# How to use a decimal range() step value?

Rather than using a decimal step directly, it's much safer to express this in terms of how many points you want. Otherwise, floating-point rounding error is likely to give you a wrong result.

You can use the linspace function from the NumPy library (which isn't part of the standard library but is relatively easy to obtain). `linspace`

takes a number of points to return, and also lets you specify whether or not to include the right endpoint:

`>>> np.linspace(0,1,11)array([ 0. , 0.1, 0.2, 0.3, 0.4, 0.5, 0.6, 0.7, 0.8, 0.9, 1. ])>>> np.linspace(0,1,10,endpoint=False)array([ 0. , 0.1, 0.2, 0.3, 0.4, 0.5, 0.6, 0.7, 0.8, 0.9])`

If you really want to use a floating-point step value, you can, with `numpy.arange`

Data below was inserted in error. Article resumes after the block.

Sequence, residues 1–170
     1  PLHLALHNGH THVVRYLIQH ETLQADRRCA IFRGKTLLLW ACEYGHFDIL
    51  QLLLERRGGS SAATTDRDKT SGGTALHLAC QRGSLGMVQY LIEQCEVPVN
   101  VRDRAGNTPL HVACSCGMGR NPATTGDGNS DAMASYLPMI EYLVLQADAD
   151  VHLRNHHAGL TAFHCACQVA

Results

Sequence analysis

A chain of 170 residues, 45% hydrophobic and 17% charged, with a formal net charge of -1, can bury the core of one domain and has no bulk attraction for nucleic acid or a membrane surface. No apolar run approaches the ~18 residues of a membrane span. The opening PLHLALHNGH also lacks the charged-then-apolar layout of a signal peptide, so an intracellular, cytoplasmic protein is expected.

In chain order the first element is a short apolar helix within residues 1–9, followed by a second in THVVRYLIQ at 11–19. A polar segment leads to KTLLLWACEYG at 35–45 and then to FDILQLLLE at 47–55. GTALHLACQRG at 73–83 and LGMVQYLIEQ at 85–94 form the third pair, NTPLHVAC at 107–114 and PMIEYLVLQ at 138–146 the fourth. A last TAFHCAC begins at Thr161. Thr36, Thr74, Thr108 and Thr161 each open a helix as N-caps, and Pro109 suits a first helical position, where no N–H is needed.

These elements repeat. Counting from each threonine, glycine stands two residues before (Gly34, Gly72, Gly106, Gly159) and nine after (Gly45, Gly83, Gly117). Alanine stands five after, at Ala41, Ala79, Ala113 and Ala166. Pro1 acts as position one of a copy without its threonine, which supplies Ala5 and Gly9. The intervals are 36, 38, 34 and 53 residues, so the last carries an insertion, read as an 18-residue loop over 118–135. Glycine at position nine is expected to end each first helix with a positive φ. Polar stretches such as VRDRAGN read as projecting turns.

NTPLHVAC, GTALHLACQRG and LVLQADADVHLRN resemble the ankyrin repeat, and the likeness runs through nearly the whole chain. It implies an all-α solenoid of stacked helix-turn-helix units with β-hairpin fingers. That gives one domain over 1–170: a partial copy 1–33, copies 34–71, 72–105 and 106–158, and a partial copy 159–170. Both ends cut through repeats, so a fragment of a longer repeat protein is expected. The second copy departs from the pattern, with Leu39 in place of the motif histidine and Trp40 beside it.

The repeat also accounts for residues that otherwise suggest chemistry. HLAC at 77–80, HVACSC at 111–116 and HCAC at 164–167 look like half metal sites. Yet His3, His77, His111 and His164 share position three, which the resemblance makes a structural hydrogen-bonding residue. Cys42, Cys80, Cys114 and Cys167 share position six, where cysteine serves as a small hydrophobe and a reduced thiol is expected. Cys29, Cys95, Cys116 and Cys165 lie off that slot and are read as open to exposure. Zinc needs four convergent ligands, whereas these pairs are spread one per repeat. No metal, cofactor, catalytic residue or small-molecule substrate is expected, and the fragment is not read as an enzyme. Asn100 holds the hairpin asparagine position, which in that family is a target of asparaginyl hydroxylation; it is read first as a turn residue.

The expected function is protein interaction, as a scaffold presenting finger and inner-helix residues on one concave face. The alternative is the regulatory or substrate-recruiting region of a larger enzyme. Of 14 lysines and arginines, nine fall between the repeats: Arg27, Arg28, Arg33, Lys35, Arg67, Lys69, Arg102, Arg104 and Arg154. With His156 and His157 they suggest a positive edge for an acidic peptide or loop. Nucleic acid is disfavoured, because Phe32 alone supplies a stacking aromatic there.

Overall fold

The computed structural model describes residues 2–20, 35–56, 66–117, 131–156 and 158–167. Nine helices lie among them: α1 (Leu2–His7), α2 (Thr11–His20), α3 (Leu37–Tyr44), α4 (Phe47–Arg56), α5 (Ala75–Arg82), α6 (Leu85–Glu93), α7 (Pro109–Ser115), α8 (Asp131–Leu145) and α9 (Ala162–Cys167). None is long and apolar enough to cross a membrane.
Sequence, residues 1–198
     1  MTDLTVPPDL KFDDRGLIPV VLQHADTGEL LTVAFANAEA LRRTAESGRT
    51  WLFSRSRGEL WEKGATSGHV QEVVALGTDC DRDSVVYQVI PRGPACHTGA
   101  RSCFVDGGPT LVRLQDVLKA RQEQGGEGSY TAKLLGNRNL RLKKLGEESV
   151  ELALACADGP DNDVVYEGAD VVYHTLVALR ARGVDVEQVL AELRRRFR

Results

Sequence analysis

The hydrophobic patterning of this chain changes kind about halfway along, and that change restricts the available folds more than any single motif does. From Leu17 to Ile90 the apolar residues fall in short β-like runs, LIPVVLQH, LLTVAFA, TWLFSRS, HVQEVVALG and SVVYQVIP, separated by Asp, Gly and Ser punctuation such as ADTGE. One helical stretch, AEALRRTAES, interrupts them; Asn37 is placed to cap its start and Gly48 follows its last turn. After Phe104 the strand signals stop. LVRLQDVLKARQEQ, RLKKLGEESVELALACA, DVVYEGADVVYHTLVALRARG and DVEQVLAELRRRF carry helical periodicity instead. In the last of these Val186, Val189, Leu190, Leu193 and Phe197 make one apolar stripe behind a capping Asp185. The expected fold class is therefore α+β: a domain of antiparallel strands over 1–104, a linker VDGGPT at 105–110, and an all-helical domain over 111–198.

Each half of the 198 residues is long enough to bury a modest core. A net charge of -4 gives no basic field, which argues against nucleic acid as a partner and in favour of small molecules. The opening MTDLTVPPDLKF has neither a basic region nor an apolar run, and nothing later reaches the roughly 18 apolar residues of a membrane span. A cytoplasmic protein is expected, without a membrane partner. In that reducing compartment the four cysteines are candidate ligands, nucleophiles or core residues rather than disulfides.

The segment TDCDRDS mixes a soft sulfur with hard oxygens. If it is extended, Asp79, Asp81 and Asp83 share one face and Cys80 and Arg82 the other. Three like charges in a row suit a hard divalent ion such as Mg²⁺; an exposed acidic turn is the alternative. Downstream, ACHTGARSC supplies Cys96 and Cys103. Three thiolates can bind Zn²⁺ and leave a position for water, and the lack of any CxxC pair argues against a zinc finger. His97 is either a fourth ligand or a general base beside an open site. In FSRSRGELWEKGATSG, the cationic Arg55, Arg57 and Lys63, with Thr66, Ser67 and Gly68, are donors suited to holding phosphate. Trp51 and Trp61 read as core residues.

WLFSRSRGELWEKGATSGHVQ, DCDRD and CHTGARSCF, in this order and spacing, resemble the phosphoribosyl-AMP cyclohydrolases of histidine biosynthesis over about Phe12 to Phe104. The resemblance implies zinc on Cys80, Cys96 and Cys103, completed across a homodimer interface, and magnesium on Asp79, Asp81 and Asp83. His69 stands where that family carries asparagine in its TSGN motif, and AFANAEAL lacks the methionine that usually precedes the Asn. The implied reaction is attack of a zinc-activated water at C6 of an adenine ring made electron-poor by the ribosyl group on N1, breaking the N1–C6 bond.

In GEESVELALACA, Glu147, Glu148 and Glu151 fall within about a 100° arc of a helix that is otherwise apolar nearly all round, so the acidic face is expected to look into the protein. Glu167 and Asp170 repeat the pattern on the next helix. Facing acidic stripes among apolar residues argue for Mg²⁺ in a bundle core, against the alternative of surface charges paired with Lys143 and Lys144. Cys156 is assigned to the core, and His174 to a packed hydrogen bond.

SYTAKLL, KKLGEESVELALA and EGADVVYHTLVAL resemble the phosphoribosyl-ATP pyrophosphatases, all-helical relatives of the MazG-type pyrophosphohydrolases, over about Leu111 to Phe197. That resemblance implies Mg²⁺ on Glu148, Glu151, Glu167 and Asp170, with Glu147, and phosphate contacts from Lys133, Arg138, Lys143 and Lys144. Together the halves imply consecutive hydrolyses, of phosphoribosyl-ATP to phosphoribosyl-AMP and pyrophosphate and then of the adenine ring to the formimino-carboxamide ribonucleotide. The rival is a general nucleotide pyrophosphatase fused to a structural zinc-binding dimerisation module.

.

`>>> import numpy as np>>> np.arange(0.0, 1.0, 0.1)array([ 0. , 0.1, 0.2, 0.3, 0.4, 0.5, 0.6, 0.7, 0.8, 0.9])`

Floating-point rounding error *will* cause problems, though. Here's a simple case where rounding error causes `arange`

to produce a length-4 array when it should only produce 3 numbers:

`>>> numpy.arange(1, 1.3, 0.1)array([1. , 1.1, 1.2, 1.3])`

Python's range() can only do integers, not floating point. In your specific case, you can use a list comprehension instead:

`[x * 0.1 for x in range(0, 10)]`

(Replace the call to range with that expression.)

For the more general case, you may want to write a custom function or generator.

Building on 'xrange([start], stop[, step])', you can define a generator that accepts and produces any type you choose (stick to types supporting `+`

and `<`

):

`>>> def drange(start, stop, step):... r = start... while r < stop:... yield r... r += step... >>> i0=drange(0.0, 1.0, 0.1)>>> ["%g" % x for x in i0]['0', '0.1', '0.2', '0.3', '0.4', '0.5', '0.6', '0.7', '0.8', '0.9', '1']>>> `